Carriers can get an actuarial lift even without designing and filing new actuarial models. Using machine learning to better predict risk factors in existing (filed) models. For example, a carrier may have already filed a mileage-based rate-plan for auto insurance but rely on user-reported or less accurate estimates to determine mileage. Machine learning can help predict mileage driven, in a less biased and more accurate way. Similarly, APIs to pre-trained chatbots using lifelike speech and translators can turn website underwriting forms into more engaging and personalized chats that have a good chance to reduce soft fraud.

Claims Handling

Claims handling is a time-intensive task often involving manual labor by claims adjusters onsite. Innovative carriers already have policy holders take pictures and videos of their damaged assets (home, car…) and compare with baseline or similar assets. Carriers could easily leverage existing APIs for image processing, coupled with bot APIs to build a high-precision model, even at the expense of low recall. Compared with having 100% of the book handled manually, a triage bot that automates even a mere 20% of the claims (with high precision) can enable carriers to start with a low-risk service that’s on par with new insurtech players and improve ratios over time. Such a tool can even be leveraged by adjusters, reducing their time and cost.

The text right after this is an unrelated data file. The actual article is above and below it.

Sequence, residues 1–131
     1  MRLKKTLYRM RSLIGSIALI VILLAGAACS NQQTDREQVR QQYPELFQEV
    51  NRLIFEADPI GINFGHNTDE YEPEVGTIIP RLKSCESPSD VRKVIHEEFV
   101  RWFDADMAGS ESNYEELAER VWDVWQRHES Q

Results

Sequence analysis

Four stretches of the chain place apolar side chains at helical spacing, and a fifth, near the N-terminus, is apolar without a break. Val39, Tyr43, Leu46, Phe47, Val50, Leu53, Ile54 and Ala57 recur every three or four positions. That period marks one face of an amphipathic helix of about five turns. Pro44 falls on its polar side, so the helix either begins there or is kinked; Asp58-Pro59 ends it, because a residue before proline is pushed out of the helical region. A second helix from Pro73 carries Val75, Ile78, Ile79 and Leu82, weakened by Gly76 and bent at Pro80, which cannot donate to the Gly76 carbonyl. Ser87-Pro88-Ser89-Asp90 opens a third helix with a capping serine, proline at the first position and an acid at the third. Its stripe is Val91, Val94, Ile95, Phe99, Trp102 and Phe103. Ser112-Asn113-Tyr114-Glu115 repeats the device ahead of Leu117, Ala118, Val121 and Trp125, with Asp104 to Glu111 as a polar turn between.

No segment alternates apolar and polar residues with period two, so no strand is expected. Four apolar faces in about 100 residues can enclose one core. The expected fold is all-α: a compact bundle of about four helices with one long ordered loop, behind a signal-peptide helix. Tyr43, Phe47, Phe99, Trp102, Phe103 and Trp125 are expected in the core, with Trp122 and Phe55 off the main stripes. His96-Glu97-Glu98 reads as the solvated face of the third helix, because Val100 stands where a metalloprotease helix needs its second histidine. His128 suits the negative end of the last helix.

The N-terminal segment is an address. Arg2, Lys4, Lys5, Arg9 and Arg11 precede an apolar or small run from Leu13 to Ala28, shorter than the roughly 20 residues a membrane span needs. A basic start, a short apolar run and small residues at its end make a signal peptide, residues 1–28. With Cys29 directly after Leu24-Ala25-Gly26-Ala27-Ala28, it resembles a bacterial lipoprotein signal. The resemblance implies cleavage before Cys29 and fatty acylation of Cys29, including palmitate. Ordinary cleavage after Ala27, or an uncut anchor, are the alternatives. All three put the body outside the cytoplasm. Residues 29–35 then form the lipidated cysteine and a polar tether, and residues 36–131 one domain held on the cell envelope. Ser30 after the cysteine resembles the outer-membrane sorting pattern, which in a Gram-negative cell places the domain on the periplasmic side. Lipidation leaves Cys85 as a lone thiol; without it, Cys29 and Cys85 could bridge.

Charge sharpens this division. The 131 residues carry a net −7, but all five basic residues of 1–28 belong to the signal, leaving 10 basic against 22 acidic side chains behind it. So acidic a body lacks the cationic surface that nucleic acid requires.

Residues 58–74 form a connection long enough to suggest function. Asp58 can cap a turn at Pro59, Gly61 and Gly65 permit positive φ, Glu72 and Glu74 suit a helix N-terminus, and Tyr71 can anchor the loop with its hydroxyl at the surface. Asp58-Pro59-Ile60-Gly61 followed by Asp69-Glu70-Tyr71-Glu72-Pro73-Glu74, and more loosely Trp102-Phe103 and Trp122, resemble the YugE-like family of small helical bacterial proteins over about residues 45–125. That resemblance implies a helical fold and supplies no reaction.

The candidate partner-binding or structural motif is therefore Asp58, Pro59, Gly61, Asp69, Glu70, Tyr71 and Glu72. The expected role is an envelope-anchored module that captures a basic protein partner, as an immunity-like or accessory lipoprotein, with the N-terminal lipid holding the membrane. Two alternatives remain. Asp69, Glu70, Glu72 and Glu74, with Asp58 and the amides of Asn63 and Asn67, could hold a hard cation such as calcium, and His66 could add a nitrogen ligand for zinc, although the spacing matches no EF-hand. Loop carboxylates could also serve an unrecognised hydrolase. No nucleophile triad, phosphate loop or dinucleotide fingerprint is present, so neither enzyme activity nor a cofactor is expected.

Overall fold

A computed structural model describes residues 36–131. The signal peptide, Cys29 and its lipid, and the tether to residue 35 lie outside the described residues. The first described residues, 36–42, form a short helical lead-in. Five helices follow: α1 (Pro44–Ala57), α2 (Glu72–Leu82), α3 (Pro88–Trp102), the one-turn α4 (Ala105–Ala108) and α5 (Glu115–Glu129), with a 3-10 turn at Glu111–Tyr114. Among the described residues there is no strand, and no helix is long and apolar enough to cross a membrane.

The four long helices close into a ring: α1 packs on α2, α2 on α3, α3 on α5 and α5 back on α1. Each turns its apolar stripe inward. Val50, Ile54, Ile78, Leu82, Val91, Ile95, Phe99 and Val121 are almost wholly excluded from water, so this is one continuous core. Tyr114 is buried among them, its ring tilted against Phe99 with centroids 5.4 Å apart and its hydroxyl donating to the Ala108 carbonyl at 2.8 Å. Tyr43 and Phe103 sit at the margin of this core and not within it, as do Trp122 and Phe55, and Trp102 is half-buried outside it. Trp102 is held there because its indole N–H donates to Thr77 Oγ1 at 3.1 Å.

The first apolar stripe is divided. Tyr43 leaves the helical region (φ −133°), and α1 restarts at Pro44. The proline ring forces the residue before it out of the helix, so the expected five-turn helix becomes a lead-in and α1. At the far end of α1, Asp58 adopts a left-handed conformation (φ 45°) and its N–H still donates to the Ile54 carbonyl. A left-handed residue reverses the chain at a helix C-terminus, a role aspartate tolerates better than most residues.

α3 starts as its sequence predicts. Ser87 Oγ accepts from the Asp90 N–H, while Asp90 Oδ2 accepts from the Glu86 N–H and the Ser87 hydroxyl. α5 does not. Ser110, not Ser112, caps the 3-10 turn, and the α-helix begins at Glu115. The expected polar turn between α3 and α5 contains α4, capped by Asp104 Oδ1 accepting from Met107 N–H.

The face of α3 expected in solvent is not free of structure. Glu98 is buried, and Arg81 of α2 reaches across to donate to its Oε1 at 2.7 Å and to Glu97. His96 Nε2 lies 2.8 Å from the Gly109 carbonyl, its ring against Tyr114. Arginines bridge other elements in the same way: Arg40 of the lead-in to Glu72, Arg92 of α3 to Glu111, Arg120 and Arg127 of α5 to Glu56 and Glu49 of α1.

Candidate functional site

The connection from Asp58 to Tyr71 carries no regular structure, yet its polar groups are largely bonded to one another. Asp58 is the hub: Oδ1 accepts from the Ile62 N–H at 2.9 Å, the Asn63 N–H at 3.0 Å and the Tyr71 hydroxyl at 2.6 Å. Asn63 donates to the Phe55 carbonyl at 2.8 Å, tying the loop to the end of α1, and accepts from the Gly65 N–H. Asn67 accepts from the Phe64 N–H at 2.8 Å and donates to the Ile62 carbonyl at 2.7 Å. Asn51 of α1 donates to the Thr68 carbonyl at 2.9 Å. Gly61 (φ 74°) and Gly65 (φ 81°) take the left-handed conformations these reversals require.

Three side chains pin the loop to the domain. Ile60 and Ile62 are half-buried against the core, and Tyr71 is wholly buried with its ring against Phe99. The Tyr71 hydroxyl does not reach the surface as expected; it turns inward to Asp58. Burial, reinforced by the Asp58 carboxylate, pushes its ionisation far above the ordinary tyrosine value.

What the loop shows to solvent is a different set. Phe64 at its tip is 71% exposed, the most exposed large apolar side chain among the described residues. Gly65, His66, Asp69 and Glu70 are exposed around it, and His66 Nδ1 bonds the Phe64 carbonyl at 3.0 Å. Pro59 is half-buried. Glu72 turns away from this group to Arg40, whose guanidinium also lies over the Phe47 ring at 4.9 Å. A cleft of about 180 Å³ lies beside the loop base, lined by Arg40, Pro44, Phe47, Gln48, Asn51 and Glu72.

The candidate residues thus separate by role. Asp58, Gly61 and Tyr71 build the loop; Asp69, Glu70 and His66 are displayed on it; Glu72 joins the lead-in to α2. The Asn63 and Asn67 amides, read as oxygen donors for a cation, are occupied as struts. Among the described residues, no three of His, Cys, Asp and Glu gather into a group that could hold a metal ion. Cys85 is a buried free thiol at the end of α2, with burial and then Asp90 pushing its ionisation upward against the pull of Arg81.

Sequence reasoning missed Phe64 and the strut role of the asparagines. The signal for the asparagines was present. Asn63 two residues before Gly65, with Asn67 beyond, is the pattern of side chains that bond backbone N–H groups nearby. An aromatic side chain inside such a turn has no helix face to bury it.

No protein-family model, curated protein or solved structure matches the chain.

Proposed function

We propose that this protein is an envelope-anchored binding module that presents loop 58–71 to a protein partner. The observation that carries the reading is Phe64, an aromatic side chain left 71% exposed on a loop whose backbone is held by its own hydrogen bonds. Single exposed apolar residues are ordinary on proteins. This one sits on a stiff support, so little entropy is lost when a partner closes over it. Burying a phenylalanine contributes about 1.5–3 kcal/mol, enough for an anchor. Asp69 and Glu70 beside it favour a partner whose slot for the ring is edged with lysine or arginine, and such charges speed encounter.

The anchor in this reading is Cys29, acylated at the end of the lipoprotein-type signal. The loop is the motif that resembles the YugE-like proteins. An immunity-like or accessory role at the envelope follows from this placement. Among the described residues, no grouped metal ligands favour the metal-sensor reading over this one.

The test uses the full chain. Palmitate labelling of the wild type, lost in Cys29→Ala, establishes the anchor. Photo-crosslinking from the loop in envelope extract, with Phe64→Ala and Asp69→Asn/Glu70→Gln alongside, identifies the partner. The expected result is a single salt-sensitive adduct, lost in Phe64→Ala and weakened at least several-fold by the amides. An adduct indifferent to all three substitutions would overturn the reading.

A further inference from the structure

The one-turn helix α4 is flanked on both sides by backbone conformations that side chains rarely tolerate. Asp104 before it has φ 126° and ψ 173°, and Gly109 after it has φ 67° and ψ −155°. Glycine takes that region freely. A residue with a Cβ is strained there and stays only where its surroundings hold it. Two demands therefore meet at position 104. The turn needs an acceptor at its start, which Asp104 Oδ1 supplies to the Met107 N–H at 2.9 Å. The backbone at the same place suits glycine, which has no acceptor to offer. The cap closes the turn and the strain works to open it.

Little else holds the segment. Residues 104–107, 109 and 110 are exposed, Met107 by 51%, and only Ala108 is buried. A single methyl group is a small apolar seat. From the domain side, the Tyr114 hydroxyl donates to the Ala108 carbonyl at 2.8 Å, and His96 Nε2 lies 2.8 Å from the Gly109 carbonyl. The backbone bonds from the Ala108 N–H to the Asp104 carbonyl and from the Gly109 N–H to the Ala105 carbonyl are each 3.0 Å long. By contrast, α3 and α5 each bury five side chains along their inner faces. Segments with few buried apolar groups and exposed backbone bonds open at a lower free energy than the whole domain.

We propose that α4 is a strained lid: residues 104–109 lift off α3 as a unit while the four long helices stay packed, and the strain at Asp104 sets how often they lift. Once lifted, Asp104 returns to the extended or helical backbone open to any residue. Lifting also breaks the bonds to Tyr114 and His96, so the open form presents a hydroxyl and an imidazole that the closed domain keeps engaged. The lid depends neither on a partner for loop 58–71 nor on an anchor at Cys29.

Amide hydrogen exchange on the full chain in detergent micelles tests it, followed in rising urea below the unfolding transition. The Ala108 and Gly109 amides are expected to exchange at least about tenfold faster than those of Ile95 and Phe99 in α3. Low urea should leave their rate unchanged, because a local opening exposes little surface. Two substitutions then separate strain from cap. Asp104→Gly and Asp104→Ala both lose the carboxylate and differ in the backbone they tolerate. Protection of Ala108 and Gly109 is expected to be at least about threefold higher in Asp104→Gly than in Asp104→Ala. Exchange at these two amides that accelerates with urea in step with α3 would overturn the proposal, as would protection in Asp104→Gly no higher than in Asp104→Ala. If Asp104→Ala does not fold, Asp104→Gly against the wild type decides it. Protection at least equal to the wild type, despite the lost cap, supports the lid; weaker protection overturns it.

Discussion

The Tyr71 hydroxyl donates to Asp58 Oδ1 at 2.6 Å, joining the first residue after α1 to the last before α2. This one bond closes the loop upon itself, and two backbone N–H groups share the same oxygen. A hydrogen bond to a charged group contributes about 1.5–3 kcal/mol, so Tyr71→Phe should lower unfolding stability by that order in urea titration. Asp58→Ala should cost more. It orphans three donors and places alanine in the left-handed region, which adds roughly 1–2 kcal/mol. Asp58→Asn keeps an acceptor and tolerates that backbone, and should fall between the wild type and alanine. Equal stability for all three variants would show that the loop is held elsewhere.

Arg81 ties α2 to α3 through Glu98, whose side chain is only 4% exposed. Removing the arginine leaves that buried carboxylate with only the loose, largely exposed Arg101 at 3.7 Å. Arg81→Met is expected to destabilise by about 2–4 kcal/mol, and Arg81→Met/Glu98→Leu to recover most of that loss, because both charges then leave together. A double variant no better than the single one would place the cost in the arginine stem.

While personalized pricing may be regulator-challenged, personalizing the insurance product offering is expected in this Netflix/Spotify age. As basic coverage is commoditizing, carriers differentiate their products based on riders and value-added services, not to mention full product offerings based on life events. Carriers can (with consent, of course) leverage social media data to tailor and personalize the offering. Similarly, marketing departments can use readily available recommendation algorithms to match and promote content about the benefits of certain riders/value-adds to relevant customers at the relevant time.


The world of insurance distribution is growing in complexity. Carriers are struggling with the growing power of intermediaries, and agents are having hard time optimizing their efforts due to lack of predictability of loss commissions. Point-of-sale and affiliation programs are growing, and with them the need for new distribution incentive models. Both traditional and new distribution channels could benefit from machine learning. Brokers, point-of-sale partners and carriers can leverage readily available machine learning models and algorithms designed for retail, to forecast channel premiums. Carriers can grow direct channels without growing headcount, using pre-trained chatbots, NLU and lifelike speech APIs.